Nina continues to challenge us through the inspiration and motivation of storytelling. She continues to believe that the artform of storytelling and story sharing originate from the heart of everyone searching for expression thus healing both listener and teller.

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Agape Is In The Air

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Love is all around.

It’s February. Can you feel the shift that has occurred as people begin to think about romantic love? Commercials and ads for long-stemmed red roses, chocolates, wines, lingerie and romantic restaurants flood the airwaves. This is the time lovers are planning how they are going to demonstrate to their loved one just how much they are loved on St. Valentine’s Day.

I am all for romantic love, however, there is another more enduring kind of love that I would like to draw your attention to. The Greeks call it Agape, which means the love for everyone, for all of humanity.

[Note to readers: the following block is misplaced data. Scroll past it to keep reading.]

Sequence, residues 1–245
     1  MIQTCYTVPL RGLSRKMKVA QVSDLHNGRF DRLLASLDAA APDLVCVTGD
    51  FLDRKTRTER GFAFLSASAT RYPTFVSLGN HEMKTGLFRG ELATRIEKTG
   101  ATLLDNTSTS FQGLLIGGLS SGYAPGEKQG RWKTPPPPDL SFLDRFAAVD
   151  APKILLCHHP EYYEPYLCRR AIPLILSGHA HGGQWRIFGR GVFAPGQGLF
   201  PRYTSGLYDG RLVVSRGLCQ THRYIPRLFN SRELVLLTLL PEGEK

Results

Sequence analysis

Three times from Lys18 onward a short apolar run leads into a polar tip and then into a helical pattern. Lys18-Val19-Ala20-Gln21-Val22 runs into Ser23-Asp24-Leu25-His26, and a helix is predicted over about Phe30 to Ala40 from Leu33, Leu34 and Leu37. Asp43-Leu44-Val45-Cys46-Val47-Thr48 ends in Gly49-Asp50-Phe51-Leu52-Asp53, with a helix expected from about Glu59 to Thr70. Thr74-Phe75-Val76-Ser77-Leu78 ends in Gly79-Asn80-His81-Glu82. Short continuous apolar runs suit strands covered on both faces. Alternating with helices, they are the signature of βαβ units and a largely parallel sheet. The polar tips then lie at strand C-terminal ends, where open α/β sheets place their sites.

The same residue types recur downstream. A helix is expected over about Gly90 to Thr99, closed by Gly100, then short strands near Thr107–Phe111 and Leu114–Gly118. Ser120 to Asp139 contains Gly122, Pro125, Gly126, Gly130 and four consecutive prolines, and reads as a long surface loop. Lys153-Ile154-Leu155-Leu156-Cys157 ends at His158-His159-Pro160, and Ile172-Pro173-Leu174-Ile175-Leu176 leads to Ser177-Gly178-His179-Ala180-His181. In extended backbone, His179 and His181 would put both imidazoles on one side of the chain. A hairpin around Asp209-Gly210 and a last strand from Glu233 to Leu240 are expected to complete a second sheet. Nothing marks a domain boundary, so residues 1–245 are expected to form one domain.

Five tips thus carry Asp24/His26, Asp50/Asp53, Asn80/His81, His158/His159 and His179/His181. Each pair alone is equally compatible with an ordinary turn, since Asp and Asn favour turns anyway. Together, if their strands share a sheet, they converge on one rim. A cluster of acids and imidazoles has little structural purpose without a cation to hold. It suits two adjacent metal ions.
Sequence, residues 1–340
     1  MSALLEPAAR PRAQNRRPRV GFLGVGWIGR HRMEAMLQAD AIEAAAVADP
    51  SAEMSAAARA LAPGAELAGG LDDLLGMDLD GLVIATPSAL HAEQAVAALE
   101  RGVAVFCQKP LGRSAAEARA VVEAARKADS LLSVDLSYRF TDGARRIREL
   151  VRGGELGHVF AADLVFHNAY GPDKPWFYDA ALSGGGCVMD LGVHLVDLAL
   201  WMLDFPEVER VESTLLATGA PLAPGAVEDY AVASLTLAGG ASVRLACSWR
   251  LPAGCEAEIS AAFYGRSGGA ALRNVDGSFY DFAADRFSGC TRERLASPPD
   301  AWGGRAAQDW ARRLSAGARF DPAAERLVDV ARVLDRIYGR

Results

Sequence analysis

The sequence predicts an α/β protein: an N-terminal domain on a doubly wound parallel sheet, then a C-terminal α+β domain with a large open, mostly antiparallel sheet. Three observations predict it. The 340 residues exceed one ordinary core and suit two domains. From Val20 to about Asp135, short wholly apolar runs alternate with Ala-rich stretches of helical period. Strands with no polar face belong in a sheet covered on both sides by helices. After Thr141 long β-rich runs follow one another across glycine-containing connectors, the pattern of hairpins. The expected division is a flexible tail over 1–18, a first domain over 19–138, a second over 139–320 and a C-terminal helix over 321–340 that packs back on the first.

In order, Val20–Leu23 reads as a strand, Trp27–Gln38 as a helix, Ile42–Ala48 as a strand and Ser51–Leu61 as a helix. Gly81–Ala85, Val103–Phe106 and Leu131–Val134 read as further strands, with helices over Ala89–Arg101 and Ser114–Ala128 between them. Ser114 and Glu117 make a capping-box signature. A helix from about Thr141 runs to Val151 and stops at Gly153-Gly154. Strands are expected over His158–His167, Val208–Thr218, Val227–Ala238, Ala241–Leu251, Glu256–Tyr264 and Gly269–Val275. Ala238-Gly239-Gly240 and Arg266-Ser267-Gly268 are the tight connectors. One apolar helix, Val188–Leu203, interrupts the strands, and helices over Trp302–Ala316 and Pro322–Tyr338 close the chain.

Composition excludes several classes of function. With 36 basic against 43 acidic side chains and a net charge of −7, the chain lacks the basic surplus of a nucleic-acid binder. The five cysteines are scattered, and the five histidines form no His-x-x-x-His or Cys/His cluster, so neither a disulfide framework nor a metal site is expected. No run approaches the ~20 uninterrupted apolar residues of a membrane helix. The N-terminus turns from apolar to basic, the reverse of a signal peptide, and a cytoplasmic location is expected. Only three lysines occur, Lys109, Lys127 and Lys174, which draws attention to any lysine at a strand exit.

Six Kinds of Love

The Greeks actually have six different words for different kinds of love. Of course, we all know about Eros, or sexual passion named after the Greek god of fertility. Next is Philia or the love among good friends. Ludus is playful love, while Pragma is the name for longstanding love and Philautia is the love of the self.

I know all those who are involved in a romantic relationship will be hard pressed to turn their attention to Agape, but if you’re not swept up in romantic love, or have settled into your romantic love let’s celebrate love for all of humanity this month. Can you be loving toward everyone you come into contact with on Valentine’s Day? How about someone with whom you’ve recently argued or butted heads with? Can you soften your heart and show love toward that person? Can you forgive yourself as well as the other? Can you feel your heart soften as you focus your attention on the healing power of love instead of grievances?

Fill Your Heart

Let love for all of life, all of humanity fill your heart to overflowing. And if there is that someone special with whom you can express romantic love, so much more the sweeter. Romantic love does not exclude Agape or the love of humanity. As the saying goes, “Love is all you need.” And it is in the very air we breathe!